I know authors who started writing for publishers without any prior knowledge of the ELT publishing process. They have become successful writers and have written flagship courses. But those writers started out years ago, when schedules were generous and there was time to train new talent. Sadly, those days are long gone. Don’t get me wrong – publishers still provide on-the-job training and support, and still hire new writers, but when they need materials to be written to a very tight schedule, with no time for numerous rounds of revises, they are more likely to commission an experienced writer than someone with no knowledge of how ELT publishing works.
So, what can aspiring ELT writers do? The answer is simple – they need to take training into their own hands.
Here’s where you can learn more about the ELT publishing industry and materials writing:
1. Independent study
A No-Nonsense Guide to Writing Materials (by ELT Writers Connected)
This is a free ebook written by a group of experienced ELT writers and with a preface by Jeremy Harmer. It’s the first thing that all aspiring (and even experienced) ELT writers should read. It contains nine chapters which cover things, like: the skills that writers need, how publishers find writers, and how to write a sample. It also gives advice on things that you might not immediately think about when starting out, such as: contracts (no-compete clauses), fees/royalties, and things that can go wrong.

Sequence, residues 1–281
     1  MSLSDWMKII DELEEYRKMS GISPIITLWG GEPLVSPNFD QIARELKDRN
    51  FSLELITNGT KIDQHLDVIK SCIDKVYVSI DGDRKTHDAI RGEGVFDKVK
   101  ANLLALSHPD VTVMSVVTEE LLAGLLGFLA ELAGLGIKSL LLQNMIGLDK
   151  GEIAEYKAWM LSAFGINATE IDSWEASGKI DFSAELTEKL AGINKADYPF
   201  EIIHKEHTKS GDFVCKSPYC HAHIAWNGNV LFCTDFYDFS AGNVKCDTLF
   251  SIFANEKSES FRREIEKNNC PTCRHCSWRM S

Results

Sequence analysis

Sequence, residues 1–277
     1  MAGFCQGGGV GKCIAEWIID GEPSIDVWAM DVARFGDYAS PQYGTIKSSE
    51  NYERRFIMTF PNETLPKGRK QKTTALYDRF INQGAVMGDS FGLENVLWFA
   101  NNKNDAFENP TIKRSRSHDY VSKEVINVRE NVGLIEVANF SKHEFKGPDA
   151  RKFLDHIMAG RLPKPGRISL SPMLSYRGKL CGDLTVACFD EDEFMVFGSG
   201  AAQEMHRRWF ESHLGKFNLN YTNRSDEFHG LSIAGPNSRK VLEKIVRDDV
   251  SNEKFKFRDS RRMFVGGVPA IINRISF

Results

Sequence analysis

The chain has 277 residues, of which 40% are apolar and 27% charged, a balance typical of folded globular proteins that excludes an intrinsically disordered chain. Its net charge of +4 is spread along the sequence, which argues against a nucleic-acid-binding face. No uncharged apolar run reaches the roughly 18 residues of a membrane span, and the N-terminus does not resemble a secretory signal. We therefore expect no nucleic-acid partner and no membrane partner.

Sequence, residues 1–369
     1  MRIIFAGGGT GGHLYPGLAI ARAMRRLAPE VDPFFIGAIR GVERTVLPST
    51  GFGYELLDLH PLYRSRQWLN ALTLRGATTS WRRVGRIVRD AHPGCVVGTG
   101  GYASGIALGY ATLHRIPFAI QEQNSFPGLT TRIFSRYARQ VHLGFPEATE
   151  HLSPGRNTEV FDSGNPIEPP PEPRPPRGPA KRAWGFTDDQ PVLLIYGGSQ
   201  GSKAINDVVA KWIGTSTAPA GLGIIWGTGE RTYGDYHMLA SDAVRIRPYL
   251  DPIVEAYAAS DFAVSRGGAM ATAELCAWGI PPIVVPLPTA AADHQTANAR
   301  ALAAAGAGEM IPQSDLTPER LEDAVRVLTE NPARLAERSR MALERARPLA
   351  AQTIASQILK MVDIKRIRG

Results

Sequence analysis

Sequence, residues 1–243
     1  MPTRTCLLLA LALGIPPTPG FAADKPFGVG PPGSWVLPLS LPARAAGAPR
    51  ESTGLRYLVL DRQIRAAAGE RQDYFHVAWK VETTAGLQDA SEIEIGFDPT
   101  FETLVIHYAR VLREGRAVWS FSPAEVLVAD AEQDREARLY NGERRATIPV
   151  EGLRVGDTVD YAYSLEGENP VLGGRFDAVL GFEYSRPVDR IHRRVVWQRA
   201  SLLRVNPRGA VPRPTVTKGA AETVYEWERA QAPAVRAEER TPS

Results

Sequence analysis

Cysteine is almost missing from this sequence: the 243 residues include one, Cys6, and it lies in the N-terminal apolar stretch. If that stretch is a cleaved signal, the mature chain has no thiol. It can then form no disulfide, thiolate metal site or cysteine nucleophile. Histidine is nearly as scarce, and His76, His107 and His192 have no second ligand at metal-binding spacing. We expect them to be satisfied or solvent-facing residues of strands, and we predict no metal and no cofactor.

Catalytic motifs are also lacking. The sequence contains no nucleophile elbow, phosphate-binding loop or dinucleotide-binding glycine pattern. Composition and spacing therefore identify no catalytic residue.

ELT Teacher 2 Writer
ELT Teacher 2 Writer was founded by Karen Spiller, Karen White and Sue Kay. They were often being asked, ‘Do you know anyone who could write some tests/a workbook/some photocopiable worksheets?’ and that seemed to coincide with a lot of publishers moving away from one or two writers on a project, to more agile, larger writing teams, which required a number of writers who could hit the ground running and produce material within tight budgets and time frames.
At the same time, a lot of the big publishers were downsizing, meaning there were very few commissioning editors with time to train and develop new authors, so there was a gap there that needed filling.
The ELT Teacher 2 Writer ebooks are all written by experienced writers (Philip Kerr, Lindsay Clandfield, Sarah Cunningham, and Katherine Bilsborough, for example) who have been in the industry for a long time and have plenty of experience, tips and advice to share. Who better to learn from?
You can buy all the titles from Amazon or Smashwords.
ELT Teacher 2 Writer is offering my Readers a 10% discount on all their titles on Smashwords. Use the code below to get this special offer. The code expires on 30 September, 2019.
ELT Author Academy (face-to-face and online)